Fandom: Jonas Brothers, The Academy Is...
Main Characters: Kevin Jonas, Mike Carden
Adult Content: Nope
Summary: The only thing Kevin wants this holiday season is for his family to accept him again. Unfortunately, that's the only thing Mike can't give him.
Teaser: When Kevin gets back from church the next day, there's a tree all set up and lit in the living room, waiting for ornaments. It's fake, but there's a pine tree candle burning on the coffee table, and the room smells like Christmas anyway.
Notes: Written for the anon_lovefest; prompt is the summary.
A week before Christmas, Kevin waits until Mike's out of the apartment and calls his mother. He's been doing so well, lately, can even go for two or three days without thinking about home, about the parents who won't speak to him and the brother he's not allowed to see. If Mike thinks he's backsliding, Mike'll just get all weird and hovery and protective again, and Kevin can't feel normal if Mike's acting like he thinks Kevin'll break any minute.
It's not a relapse, or anything, it's just that Kevin looked at the calendar and figured if there's any time for a tearful reunion full of apologies and lots of time playing XBox with Frankie, it's Christmas, and he wants to get the ball rolling in time to make plans. That's it, that's all. Kevin can handle whatever the turnout is.
Her phone goes to voicemail on the third ring; when Kevin calls from the landline, just to see, she picks up on the first. Knowing she ignored his call when she knew it was him should've been enough, but Kevin tries, anyway, just a tentative, "Mom?"
She takes a deep breath, and this is totally it, the tearful invitation home.
"Please don't call again, Kevin," is all she says, and the line goes dead.
Two days later, Mike comes back from a lunch with Bill carrying an obnoxiously large package, grumbling the whole way but not making much of an attempt to make it convincing.
"I think Joe sent you more boots. Tell him we're out of closet space, and not to send any more until we move somewhere with six hundred square feet of closet. And an elevator."
Mike drops the box in the middle of the living room floor – and something shatters.
"I take it you didn't see the 'Fragile' on the side?"
"Sorry. At least we know it's not boots."
Kevin tries a glare, but from the way Mike rolls his eyes it's apparently not very threatening. Whatever.
The box turns out to be full of Christmas stuff – Kevin's stocking (the one his Mom made him, needlepoint from a kit while she was pregnant) laid out neatly on top of two layers of carefully-wrapped decorations. And one box of not-so-carefully wrapped red and gold bulbs. At least it's one of those that broke.
Mike's face darkens for an instant, that I'm-gonna-punch-whatever-upsets-you face, then he just sighs and settles in behind Kevin, presses up against his back and kisses his neck while Kevin starts to unwrap.
"We're gonna need a tree," Kevin says, as the pile next to him grows (three Baby's First Christmas ornaments, five or six popsicle-stick picture frames sprinkled with red and green glitter, guitars and Disney characters, all the ornaments that are all about Kevin and all the ones that aren't but he insisted on being the one to put on the tree anyway). What he means is "I need a tree," but he's still not very good at being selfish.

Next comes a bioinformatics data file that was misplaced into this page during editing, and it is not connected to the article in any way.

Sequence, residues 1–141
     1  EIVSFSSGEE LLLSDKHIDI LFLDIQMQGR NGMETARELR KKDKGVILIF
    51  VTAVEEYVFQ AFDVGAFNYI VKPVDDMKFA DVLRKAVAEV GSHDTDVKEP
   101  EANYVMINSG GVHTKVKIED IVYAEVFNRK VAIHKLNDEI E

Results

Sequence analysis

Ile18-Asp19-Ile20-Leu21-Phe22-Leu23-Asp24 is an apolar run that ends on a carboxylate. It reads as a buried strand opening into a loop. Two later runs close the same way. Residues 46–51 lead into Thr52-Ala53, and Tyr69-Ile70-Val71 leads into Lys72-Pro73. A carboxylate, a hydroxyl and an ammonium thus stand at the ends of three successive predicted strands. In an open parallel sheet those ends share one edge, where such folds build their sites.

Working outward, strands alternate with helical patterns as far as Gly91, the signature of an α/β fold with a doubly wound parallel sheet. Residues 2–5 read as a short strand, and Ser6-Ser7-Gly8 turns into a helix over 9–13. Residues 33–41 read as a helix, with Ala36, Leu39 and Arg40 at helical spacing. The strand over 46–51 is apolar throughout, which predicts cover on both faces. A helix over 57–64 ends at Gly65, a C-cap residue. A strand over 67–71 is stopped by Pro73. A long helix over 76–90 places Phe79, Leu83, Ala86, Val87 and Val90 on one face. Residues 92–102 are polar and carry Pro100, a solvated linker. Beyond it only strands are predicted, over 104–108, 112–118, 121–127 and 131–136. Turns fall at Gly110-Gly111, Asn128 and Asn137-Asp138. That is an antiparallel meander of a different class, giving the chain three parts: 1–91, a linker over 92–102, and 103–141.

"I'm not lugging a fucking tree up those stairs," Mike grumbles against his neck, but his arms tighten around Kevin's waist.
When Kevin gets back from church the next day, there's a tree all set up and lit in the living room, waiting for ornaments. It's fake, but there's a pine tree candle burning on the coffee table, and the room smells like Christmas anyway.
"We'll be done with presents and shit by noon, so we're catching a two o' clock flight, 'kay?"
"You don't have to."
Joe's been insisting for three weeks he's coming up for Christmas, whatever fights it might cause at home, and two weeks ago Nick added himself to that plan. And it's stupid, 'cause it's just gonna make more trouble, and Kevin keeps telling them that, but you can't really stop Joe once he has an idea.
"Yeah we do. And since we're missing dinner, you'd better be cooking us something awesome."
"We have cereal," Kevin says.
Christmas Eve, Kevin can't stop fiddling with his phone. He flips it open, Contacts, Home, flips it closed again, drops it in his lap, picks it back up, flips it back open, doest it all again.
Mike was laid out on the couch, watching him with that look on his face Kevin had stopped seeing when he'd finally started feeling more like himself than a depressed pile of crap, but he got up with a sigh twenty minutes ago.
He just wants to call, wish them Merry Christmas. They won't answer when they see it's from him, so he'll only have to talk to the answering machine, and he can be the bigger man, here. Except Mom asked him not to call, so maybe being the bigger man is honoring that request.
Mike wanders back in, wearing the one pair of jeans Kevin's told him are actually almost nice, dark and hole-less, and a red sweatshirt. "Get dressed," he says.
"You don't do church on Christmas Eve?"
Kevin blinks. "The service doesn't start for another hour and a half. I - "
"We'll get dinner first. Come on."
Kevin wakes up on the couch, where he'd been curled up with a blanket and bottle of wine last night, watching the lights on the tree blink. Mike's on the floor, sitting with his back against the couch, snoring with his mouth open. There's just a little light coming in through the window, orange-tinted with the sunrise.
"Mike," Kevin says, nudges him until he startles awake.
"You should've gone to bed," Kevin says, shifts a little so he can rub at Mike's shoulders.
"Yeah, well. Merry Christmas," Mike says, instead of I wasn't gonna let you wake up alone on Christmas, Jesus.
Kevin hears it anyway.